Special Needs Children: Every Child Has the Potential to Grow
At Harmony Music Therapy we work with many special needs children. With all of them, our philosophy is that “Every child has the potential to Grow”. I firmly believe that philosophy and hold to it with every client I see.
I recently had a conversation with a client’s mother about her daughter’s progress in music therapy and how to proceed. After talking for a while she commented “I like talking to you because you have hope for my child”. It occurred to me that there may be people out there who show limited hope for special needs children and the unique challenges they face. Then have the audacity to communicate that opinion to their parents.
While it is important to have realistic expectations for children with developmental challenges, it is also important to expect growth. To believe in the child. To continue to have expectations. Of course, the rate of growth and the level of expectation will be different for each child, but there is no reason to believe that growth will be nonexistent for an individual simply because of a disability. Every child has the potential to grow.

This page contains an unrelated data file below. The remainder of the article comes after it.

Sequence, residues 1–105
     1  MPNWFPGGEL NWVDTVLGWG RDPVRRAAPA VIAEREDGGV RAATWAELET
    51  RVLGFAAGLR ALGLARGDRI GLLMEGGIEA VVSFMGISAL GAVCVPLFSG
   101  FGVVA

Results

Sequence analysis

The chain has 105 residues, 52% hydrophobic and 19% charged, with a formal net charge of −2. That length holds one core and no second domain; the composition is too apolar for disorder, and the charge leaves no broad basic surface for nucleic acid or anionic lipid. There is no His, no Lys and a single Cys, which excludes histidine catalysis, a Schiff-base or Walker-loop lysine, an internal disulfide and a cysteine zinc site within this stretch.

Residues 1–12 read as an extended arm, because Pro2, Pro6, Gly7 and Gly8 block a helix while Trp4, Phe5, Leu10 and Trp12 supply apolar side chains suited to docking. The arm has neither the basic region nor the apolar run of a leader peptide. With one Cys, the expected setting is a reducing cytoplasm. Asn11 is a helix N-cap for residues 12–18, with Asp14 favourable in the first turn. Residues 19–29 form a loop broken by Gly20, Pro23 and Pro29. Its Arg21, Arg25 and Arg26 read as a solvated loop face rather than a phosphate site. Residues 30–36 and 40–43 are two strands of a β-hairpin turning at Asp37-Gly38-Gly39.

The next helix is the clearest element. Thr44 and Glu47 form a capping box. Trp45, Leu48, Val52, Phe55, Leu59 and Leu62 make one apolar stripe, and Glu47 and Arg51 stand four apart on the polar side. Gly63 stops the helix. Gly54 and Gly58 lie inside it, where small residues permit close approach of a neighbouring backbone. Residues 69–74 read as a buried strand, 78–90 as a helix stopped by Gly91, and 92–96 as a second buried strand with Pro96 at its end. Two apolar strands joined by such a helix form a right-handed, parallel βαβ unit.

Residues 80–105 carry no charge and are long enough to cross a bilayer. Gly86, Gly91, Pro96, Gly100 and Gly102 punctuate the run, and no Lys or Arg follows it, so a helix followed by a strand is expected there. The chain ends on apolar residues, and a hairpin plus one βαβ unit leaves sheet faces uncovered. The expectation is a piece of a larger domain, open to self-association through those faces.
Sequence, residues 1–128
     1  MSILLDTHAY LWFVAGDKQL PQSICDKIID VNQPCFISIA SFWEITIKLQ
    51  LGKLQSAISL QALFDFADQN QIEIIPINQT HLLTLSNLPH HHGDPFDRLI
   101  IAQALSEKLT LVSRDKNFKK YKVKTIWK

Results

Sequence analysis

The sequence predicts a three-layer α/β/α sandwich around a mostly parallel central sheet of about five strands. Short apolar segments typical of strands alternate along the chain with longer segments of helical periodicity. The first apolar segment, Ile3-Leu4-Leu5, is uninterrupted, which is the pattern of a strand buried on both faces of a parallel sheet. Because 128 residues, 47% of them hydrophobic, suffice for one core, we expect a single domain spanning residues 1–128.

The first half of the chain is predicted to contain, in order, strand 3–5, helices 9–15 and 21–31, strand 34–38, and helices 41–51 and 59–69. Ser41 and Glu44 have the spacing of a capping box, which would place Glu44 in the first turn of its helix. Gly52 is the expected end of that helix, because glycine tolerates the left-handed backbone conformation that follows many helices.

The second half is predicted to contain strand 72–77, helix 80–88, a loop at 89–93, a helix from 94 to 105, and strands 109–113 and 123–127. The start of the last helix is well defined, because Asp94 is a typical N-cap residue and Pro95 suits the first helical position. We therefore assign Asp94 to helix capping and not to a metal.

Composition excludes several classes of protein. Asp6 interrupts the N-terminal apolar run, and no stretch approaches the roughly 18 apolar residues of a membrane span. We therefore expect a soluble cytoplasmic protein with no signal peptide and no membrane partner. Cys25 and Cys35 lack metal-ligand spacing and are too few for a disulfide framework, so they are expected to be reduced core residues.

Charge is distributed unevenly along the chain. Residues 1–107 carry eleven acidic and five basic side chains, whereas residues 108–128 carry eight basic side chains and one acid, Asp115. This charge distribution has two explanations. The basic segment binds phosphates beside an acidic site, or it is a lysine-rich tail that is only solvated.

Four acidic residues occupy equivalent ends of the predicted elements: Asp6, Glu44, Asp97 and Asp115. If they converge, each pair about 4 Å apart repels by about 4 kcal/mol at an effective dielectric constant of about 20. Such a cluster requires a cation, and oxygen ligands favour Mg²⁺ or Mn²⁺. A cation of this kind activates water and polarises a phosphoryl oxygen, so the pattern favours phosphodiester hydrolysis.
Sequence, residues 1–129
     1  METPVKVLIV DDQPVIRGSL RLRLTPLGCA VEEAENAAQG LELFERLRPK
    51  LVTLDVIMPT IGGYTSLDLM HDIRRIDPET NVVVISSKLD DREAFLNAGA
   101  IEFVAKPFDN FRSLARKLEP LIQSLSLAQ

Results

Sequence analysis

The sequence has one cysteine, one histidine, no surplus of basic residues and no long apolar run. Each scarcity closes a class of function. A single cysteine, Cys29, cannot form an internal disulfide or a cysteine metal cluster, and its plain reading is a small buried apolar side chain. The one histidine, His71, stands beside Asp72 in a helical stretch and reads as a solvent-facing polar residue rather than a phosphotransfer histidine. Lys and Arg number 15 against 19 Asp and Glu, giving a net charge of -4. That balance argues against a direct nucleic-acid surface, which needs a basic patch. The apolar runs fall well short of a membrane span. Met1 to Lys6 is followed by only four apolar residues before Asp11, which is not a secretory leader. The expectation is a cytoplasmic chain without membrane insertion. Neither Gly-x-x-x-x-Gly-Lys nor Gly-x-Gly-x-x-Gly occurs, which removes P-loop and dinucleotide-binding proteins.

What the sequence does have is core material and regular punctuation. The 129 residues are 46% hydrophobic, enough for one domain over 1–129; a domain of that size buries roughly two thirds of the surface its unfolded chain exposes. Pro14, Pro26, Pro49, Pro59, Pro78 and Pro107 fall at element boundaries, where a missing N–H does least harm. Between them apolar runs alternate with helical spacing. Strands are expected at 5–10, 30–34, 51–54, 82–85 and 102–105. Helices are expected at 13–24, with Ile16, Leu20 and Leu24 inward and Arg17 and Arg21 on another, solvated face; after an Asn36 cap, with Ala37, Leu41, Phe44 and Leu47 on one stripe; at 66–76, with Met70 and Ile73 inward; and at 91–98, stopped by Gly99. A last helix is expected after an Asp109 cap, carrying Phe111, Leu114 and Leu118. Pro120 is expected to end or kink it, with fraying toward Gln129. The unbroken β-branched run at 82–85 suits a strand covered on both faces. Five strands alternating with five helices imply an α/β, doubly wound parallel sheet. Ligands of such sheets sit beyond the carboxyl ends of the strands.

I spent the majority of my career working with individuals with severe and profound disabilities. Many of these special needs children function on a developmental level years behind their chronological age. The chronological age range was 3-22, but the developmental age range was about 9 months to 5 years. However this did not hinder any of the teachers or service providers from setting goals and working toward them with high expectations. For many of the students it took one or two years to accomplish something that may come naturally to a typically developing child (i.e. grasping an item and putting it into a container, focusing on a task for 30 seconds, or learning numbers 1-10), but that didn’t matter. It wasn’t about comparing kids to each other, it was about comparing the student to his or her self and expecting Growth! It often required creative intervention, collaboration between disciplines, and frequent 1:1 or small group time, but as long as the goals were initially appropriate for the child, it would come.
As a side note, music therapy was often one of those key interventions which would help a student progress and reach his or her goals more than any other!
Despite the rate of growth or the support needed to achieve it, every child has the potential to achieve great things. We as parents, practitioners, and members of society should always instill confidence in those around us, identify what help they may need to achieve their goals, and provide support for special needs children climbing those mountains to growth.